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Publication numberUS4900653 A
Publication typeGrant
Application numberUS 07/290,602
Publication dateFeb 13, 1990
Filing dateDec 23, 1988
Priority dateDec 23, 1987
Fee statusPaid
Publication number07290602, 290602, US 4900653 A, US 4900653A, US-A-4900653, US4900653 A, US4900653A
InventorsRonda E. Factor, Donald R. Diehl
Original AssigneeEastman Kodak Company
Export CitationBiBTeX, EndNote, RefMan
External Links: USPTO, USPTO Assignment, Espacenet
Photographic elements containing filter dye particle dispersions
US 4900653 A
Abstract
Dyes according to the formula: ##STR1## are useful as filter dyes in photographic elements. In this formula, n is 1 or 2. R1 and R2 are each independently substituted or unsubstituted alkyl or substituted or unbsubstituted aryl, or together represent the atoms necessary to complete a substituted or unsubstituted 5- or 6-membered ring. Also, if R7 is substituted or unsubstituted alkyl, R1 is H.
R3 is substituted or unsubstituted alkyl or aryl. R4 and R5 each independently represents H, substituted or unsubstituted alkyl, substituted or unsubstituted aryl, secondary or tertiary amino, CO2 H, or NHSO2 R6, with the proviso that at least one of R4, R5, or a substituent on an aryl ring in R3, on an aryl ring in R4 or R5, on an aryl ring in R1 or R2, or on an aryl ring formed by R1 and R2 is CO2 H or NHSO2 R6. R6 is substituted or unsubstituted alkyl or substituted or unsubstituted aryl. R7 is substituted or unsubstituted alkyl, or together with R8 forms a double bond. R8 is H or together with R7 forms a double bond.
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Claims(6)
What is claimed is:
1. A photographic element comprising a support having thereon a radiation-sensitive silver halide emulsion layer and a hydrophilic colloid layer, which is the same as or different from the silver halide layer, comprising from 1 to 1000 mg/m2 of a solid particle dispersion of a compound having the formula: ##STR4## wherein R1 and R2 are each independently substituted or unsubstituted alkyl or substituted or unsubstituted aryl, or together repesent the atoms necessary to complete a substituted or unsubstituted 5- or 6-membered ring, and R1 is H if R7 is substituted or unsubstituted alkyl,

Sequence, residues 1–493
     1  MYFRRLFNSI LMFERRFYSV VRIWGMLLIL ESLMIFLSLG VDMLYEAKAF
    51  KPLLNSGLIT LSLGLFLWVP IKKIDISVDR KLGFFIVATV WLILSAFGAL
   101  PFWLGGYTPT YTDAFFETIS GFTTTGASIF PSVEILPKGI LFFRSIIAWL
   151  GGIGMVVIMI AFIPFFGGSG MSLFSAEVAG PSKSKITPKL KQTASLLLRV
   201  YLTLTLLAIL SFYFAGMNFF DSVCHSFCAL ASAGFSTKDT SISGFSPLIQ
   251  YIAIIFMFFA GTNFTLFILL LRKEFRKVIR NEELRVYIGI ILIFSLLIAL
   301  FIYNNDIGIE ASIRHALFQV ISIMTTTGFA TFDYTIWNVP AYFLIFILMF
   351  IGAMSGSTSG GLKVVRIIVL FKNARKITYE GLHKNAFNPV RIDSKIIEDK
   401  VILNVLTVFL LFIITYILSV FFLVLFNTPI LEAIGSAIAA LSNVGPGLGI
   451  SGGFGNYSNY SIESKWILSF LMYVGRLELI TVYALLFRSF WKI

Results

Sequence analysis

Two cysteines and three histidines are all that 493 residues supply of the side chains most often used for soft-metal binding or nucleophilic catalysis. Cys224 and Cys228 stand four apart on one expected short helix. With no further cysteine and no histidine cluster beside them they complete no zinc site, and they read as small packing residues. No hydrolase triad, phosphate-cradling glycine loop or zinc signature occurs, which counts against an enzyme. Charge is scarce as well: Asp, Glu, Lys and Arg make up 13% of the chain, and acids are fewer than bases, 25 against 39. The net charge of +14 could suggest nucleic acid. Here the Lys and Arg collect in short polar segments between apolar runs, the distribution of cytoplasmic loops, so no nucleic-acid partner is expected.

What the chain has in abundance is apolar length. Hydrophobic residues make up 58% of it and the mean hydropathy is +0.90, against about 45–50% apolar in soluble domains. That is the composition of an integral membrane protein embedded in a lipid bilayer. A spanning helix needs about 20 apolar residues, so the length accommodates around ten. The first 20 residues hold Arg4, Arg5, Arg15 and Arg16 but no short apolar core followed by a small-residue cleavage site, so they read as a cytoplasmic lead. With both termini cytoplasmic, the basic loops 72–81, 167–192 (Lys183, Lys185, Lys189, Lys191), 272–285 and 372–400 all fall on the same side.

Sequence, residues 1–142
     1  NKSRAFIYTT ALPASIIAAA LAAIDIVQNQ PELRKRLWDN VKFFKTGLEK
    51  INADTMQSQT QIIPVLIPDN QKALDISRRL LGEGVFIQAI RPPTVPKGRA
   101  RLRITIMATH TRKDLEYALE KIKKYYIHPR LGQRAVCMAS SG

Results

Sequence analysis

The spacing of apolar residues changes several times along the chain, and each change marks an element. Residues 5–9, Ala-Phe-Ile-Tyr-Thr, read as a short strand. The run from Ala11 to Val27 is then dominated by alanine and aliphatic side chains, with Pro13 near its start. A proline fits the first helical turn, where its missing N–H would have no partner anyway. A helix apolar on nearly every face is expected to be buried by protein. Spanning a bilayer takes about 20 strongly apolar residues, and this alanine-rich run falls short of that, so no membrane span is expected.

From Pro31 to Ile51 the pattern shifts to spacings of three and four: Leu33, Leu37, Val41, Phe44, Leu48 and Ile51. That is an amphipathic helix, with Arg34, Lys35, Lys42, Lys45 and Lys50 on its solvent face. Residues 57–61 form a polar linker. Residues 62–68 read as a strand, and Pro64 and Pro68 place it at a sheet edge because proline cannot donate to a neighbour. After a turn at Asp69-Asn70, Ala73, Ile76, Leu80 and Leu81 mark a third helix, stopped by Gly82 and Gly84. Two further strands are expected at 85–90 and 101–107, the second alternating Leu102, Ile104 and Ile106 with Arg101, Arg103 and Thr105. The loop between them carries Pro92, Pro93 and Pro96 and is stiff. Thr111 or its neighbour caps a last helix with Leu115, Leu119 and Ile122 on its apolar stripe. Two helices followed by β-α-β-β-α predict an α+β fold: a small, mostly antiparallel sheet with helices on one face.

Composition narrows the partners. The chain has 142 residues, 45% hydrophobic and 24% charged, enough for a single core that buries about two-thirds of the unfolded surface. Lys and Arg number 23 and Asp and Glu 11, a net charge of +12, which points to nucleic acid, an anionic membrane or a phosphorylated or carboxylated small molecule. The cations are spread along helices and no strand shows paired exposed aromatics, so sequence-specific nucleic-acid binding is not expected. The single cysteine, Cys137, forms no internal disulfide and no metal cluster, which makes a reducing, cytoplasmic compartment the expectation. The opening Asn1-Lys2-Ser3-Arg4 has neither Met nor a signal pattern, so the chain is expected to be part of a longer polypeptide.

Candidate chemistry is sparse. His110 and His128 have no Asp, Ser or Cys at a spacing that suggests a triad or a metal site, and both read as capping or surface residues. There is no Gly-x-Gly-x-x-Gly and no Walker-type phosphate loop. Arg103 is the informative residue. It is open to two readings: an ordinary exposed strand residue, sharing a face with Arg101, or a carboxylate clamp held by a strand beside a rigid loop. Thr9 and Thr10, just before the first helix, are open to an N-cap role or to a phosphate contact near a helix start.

R3 is substituted or unsubstituted alkyl or aryl,
R4 and R5 each independently represents H, substituted or unsubstituted alkyl, substituted or unsubstituted aryl, secondary or tertiary amino, CO2 H, or NHSO2 R6, with the proviso that at least one of R4, R5, or a substituent on an aryl ring in R3, on an aryl ring in R4 or R5, on an aryl ring in R1 or R2, or on an aryl ring formed by R1 and R2 is CO2 H or NHSO2 R6,
R6 is substituted or unsubstituted alkyl or substituted or unsubstituted aryl, and
R7 is substituted or unsubstituted alkyl, or together with R8 forms a double bond,
R8 is H or together with R7 forms a double bond, and
n is 1 or 2,
the particles in said dispersion having a mean diameter of from about 0.01 to 10 μm.
2. A photographic element according to claim 1 wherein R1 and R2 are each independently substituted or unsubstituted alkyl of from 1 to 6 carbon atoms, or together form a phenyl ring, R3 is substituted or unsubstituted alkyl of from 1 to 8 carbon atoms or substituted or unsubstituted aryl of from 6 to 14 carbon atoms, R4 is H, CO2 H, or NHSO2 R6, R5 is H, CO2 H, or NHSO2 R6, R6 is substituted or unsubstituted alkyl of from 1 to 6 carbon atoms or substituted or unsubstituted aryl of from 6 to 14 carbon atoms.
3. A photographic element according to claim 1 wherein R1 and R2 are each methyl or together with the carbon atoms to which they are attached, form a phenyl ring, R4 is CO2 H, R5 is H or CO2 H, and R3 is methyl, ethyl, or benzyl.
4. A photographic element according to claim 1 wherein at least one of R4, R5, or a substituent on an aryl ring in R3, on an aryl ring in R4 or R5, on an aryl ring in R1 or R2, or on an aryl ring formed by R1 and R2 is CO2 H, or at least two of R4, R5, or a substituent on an aryl ring in R3, on an aryl ring in R4 or R5, on an aryl ring in in R1 or R2, or on an aryl ring formed by R1 and R2 are NHSO2 R6.
5. A photographic element according to claim 1 wherein R7 and R8 together form a double bond.
6. A photographic element according to claim 1 wherein n is 1.
Description

This is a continuation-in-part of application Ser. No. 137,491, filed Dec. 23, 1987, now abandoned.

FIELD OF THE INVENTION